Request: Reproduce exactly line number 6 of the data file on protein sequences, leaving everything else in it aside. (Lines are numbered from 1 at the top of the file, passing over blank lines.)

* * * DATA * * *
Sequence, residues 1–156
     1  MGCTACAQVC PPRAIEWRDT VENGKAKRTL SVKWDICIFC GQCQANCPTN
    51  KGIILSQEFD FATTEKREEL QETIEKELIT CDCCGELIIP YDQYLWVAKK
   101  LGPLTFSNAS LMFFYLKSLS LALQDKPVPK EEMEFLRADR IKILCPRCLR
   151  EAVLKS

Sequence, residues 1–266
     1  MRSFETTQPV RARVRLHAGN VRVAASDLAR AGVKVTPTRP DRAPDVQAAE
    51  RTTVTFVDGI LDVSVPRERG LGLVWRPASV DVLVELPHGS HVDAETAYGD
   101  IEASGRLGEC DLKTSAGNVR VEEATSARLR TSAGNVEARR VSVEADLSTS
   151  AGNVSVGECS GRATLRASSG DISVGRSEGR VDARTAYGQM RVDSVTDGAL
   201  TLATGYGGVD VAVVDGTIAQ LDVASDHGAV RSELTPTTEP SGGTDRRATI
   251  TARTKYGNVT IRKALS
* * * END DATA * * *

Sequence, residues 1–266